Our Year in Review series continues as we take a look at how Mike Pelfrey contributed to the Mets’ starting rotation in 2012. After having a disappointing 2011 campaign, going 7-13 with a 4.74 ERA, Pelfrey was determined to have a bounce back season and prove all of his critics wrong. Unfortunately for Pelfrey, his season was short-lived, as he only made three starts before receiving news that he would require season-ending Tommy John surgery. To add insult to injury, Pelfrey was off to a strong start — pitching to a 2.29 ERA — in his only three starts of 2012 before being shut down.
Once regarded as one of the best pitching prospects of his draft class, many scouts viewed Mike Pelfrey as a “can’t miss” athlete with a live-arm. At the time, Pelfrey was thought to be selected early in the draft. To his credit, he had the collegiate career that would support that claim: 33-7 record with a 2.20 ERA in three seasons for Wichita State University.
However, because of his high contract demands — thanks to his agent, Scott Boras — teams at the top of the draft decided to pass up on the opportunity to develop a potential ace. The New York Mets easily made their decision when they drafted him with the ninth overall selection in the 2005 First-Year Player Draft. The New York Mets had so much faith that Pelfrey would develop into an ace in the future, they decided to sign him to a four-year contract worth 5.3 million in guaranteed money, along with an estimated signing bonus of 3.5 million.
Going into his seventh Major League season, Pelfrey was still trying to prove that he belonged in the Mets’ rotation. In six Major League seasons, Pelfrey started 146 games, and had compiled a career record of 50-54 with an ERA of 4.70. Though Pelfrey has shown flashes of being the type of pitcher New York originally hoped for when they first signed him, Pelfrey had been incapable of staying consistently efficient on the mound.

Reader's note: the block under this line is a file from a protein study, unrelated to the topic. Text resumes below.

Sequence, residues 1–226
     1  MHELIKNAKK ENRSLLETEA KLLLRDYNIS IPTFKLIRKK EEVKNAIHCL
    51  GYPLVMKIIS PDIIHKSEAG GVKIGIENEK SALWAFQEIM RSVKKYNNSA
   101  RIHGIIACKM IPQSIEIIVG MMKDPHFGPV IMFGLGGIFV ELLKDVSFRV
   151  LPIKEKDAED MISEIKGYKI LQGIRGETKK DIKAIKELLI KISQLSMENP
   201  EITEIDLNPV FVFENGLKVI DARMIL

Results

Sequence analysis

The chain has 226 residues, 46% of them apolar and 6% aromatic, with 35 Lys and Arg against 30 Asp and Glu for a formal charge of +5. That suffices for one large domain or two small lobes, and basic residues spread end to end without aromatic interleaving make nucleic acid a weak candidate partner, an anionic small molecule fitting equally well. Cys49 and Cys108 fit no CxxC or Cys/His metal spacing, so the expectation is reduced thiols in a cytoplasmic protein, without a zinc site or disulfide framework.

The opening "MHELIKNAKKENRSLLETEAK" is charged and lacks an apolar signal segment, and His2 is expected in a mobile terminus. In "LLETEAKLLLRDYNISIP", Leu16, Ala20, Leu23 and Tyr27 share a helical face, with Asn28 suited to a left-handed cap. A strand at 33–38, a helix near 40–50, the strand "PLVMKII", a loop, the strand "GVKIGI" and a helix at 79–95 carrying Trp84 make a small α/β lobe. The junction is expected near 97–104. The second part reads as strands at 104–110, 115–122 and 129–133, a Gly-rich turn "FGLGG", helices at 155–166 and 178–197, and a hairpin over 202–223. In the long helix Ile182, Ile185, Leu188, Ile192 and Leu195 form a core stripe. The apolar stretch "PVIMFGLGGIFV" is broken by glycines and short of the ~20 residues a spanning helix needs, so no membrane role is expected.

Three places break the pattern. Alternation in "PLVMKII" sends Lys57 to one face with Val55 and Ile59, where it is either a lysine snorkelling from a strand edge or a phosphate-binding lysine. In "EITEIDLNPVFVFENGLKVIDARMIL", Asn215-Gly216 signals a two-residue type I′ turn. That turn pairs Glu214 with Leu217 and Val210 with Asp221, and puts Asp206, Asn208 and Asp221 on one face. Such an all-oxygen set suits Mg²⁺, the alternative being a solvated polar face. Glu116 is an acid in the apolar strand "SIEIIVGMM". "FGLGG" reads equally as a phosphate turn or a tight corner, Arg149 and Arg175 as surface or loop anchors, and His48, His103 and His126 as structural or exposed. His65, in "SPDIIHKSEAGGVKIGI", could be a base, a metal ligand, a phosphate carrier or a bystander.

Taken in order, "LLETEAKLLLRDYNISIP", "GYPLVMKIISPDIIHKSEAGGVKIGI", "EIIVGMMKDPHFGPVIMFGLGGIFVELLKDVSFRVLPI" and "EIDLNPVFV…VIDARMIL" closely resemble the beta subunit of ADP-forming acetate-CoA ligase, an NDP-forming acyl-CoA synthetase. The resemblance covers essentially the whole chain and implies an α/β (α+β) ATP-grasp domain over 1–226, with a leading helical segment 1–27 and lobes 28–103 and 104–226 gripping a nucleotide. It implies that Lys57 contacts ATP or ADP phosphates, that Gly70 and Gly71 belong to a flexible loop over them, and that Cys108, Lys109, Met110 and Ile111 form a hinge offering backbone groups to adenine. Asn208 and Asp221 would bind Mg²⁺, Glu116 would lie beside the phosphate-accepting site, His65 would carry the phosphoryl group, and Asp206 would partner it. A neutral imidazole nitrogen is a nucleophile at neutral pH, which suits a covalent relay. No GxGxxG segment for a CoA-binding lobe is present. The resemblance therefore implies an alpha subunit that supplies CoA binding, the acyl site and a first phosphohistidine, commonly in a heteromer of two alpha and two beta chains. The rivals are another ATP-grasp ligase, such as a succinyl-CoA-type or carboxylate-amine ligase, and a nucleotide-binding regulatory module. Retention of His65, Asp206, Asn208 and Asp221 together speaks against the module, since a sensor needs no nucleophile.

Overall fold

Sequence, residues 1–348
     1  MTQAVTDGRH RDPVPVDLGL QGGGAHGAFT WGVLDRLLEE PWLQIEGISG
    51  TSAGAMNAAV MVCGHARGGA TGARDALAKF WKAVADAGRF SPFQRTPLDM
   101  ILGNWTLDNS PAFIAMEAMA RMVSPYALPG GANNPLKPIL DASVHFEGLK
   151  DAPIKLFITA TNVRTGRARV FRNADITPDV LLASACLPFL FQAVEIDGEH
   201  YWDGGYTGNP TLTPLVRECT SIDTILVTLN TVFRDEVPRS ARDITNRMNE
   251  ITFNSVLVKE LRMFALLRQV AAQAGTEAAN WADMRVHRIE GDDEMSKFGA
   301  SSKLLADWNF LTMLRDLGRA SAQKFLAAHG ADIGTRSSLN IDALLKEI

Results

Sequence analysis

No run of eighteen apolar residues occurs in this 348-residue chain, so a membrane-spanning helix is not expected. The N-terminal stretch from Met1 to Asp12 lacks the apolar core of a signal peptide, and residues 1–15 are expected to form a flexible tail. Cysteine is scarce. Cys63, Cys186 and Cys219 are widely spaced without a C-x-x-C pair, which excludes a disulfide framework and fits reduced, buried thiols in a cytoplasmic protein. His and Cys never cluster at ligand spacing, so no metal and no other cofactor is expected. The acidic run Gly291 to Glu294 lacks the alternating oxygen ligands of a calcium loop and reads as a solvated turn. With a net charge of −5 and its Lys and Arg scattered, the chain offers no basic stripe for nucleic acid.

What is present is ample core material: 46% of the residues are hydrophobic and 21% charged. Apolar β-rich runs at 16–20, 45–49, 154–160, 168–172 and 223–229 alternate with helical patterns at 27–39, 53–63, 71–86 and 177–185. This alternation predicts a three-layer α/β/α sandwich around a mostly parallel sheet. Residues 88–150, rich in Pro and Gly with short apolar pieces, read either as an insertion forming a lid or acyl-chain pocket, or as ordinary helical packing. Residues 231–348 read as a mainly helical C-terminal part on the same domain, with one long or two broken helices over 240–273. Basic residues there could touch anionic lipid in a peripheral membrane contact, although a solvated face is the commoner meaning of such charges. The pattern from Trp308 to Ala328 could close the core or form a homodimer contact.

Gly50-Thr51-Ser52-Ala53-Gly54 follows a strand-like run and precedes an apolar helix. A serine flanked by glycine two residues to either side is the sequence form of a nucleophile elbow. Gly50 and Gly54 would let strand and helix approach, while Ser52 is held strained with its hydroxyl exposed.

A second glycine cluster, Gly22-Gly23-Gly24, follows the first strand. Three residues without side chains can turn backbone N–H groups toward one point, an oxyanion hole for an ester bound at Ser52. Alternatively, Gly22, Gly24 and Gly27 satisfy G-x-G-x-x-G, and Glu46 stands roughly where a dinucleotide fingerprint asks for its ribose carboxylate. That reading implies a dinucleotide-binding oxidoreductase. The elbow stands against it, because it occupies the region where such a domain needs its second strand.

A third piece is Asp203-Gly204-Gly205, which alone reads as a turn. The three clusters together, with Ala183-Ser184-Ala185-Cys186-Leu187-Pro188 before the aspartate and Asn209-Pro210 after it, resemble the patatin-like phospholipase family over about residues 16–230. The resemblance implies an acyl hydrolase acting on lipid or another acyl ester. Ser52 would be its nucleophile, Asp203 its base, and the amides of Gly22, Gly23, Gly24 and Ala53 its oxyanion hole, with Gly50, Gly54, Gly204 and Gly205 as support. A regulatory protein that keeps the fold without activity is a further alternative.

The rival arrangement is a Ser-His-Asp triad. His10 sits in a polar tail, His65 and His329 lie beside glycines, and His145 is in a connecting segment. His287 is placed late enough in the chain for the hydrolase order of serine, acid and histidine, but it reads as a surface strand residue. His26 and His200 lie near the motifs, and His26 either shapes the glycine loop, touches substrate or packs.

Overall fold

Pelfrey, 28, had his best year in 2010, winning 15 games with a 3.66 ERA while logging 204 innings pitched. Pelfrey credits his 2010 success to working extremely hard during that off-season, losing approximately 20 pounds — by eating healthy and doing more cardio — in an effort to have a bounce back season coming off a weak 2009 campaign, when he went 10-12 with a 5.03 ERA.
Looking to take his successful 2010 season as something to build on in 2011, Mets manager Terry Collins announced Mike Pelfrey as the number one starter of his rotation, during spring training — in the absence of Johan Santana, who missed the entire 2011 season — due to major elbow surgery. Unfortunately, Pelfrey only regressed in his development, having the worst season of his career, winning only seven games and losing 13 with an ERA of 4.74.
Pelfrey, a native of Witchita, Kansas, had never been to New York prior to being drafted by the Mets. With years of experience under his belt, Pelfrey is now well aware of the pressures of meeting expectations while playing under the bright lights of New York.
“You hear a lot of stuff,” said Pelfrey, during an interview with Brian Costa, of the Star-Ledger. “That’s one thing, when I came up, I used to read everything, and that’s one thing I’ve learned to back off of. I still do it every once in a while, but if you’re doing bad and your start reading that, “This guy is terrible,” you’ll start to believe it.”
The struggles Pelfrey endured during his career are not only limited to his performance as an professional athlete, but also, his personal life. In 2009, Pelfrey fell victim to the ponzi scheme operated by financier Allen Stanford. Pelfrey admitted that 99 percent of his money was invested with Mr. Stanford. As a result, those assets were frozen.
Going into the 2o12 season Mets manager Terry Collins named Pelfrey the number four starter in his rotation — with Johan Santana and R.A. Dickey — at the helm.
Projected role/Contract Status for 2013:
I don’t know if Pelfrey will even have a role in 2013 with the Mets It is a clear cut certainty that Pelfrey will be non-tendered after undergoing this surgery earlier in the season. Although reports indicate that he is progressing nicely with his rehab, it will be too much a financial risk to pay him upwards his $5.68 million he earned in 2012 because of his arbitration eligibility status.
I do think Alderson would love to bring Pelfrey back on a minor-league deal, however, it remains to be seen whether another team would offer Pelfrey a bigger, guaranteed deal. If another organization does so, I think it is safe to say Pelfrey’s New York Mets career has come to a disrupting end.